The problem, as Bennett sees it, is that the elite-level game prepares footballers physically but not emotionally. “What we realise is players often don’t get asked how they are,” he says. “They get asked about football. When they get asked about their emotions, they tend to open up.”

Bennett’s priority is that, having asked players to be open about their emotions, the PFA is now able to deal with those who come forward. As for Sansom himself, the PFA has reached a point now where the gambling and the alcoholism are setting one another off.

“We are trying to support Kenny and work through the issues and find out the root issue,” Bennett said. “We want Kenny to be into the process as well. We need the individual to express his problems. If he does we are halfway there. We will always support him. We are trying at the minute to get him a detox programme and then we can work with him.”

That is the essence of Sansom’s problem: there is very little that can be done to help him with the basics of a house and a job until he has stopped drinking. Arsenal, the club with whom he is most closely connected, gave him work leading tours of the Emirates Stadium but that ceased a year ago when he was no longer able to carry on. Beyond that they tried to point him in the direction of the help they thought he needed.

At the Football Association, where Sansom was an England youth captain before going on to make his senior debut at 20, and play at the 1982 and 1986 World Cup finals, the issue is the same. There is not much it can do until the man himself is sober. The FA contributed money on a one-off basis to Gary Mabbutt’s recent fund to put Paul Gascoigne into rehabilitation but it cannot do the same for every former international.

Bennett worked through Saturday and Sunday to try to find somewhere for Sansom to stay and there will always be more to do. It makes no difference that Sansom missed out on the salad days of the Premier League, he was, by his own admission, very well paid relative to the average salaried worker in the 1980s. His saving grace is that his trade union is unusual in that every footballer is a member of the PFA for life and his monthly £622 PFA pension has become his only income.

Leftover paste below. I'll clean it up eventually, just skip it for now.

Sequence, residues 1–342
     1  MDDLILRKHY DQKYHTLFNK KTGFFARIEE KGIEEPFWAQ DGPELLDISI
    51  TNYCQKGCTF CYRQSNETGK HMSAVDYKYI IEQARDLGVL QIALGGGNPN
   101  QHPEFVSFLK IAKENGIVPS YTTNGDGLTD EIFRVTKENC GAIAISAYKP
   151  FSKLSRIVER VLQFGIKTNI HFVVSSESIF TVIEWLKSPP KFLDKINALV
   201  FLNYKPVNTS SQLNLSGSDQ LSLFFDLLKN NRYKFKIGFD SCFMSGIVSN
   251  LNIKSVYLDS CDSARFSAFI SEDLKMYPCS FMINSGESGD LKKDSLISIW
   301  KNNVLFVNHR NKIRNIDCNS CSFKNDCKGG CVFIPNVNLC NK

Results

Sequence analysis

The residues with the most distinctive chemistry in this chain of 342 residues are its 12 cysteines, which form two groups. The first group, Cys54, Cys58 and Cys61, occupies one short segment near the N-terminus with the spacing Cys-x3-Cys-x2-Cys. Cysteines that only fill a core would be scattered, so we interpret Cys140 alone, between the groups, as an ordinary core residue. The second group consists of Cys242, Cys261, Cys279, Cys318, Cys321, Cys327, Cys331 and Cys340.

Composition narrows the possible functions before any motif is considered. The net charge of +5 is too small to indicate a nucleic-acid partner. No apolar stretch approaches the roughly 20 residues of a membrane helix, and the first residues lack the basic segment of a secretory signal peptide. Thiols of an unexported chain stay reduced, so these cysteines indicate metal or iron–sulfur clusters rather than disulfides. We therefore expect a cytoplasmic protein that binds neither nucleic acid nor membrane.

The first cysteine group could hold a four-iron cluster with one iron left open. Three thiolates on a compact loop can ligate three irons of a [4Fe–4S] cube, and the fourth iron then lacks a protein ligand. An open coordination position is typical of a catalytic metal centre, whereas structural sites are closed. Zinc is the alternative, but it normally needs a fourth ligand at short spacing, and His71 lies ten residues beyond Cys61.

Sansom was born in a south London prefab in 1958, and his father abandoned the family not long after. George Sansom, Kenny later wrote, was “one of the original spivs” who was around the fringes of the London underworld of the 1960s but “too much of a coward to do anything bad”. George was so often absent that he did not even help name his second son. “Kenny” was a suggestion of his older brother, Peter. “I have no memories of young fatherly love,” Sansom wrote, “[or] any fatherly love to be honest.”

Brought up by a strong, loving mother, it is nevertheless not hard to spot the potential fragility of the young prodigy when you flick through the pages of Sansom’s book. When I mention that to Bennett, his reply is  calm but forceful. “Yes, that might be so, but it’s a case of ‘Kenny, you’re 56 now. You can’t use excuses’.”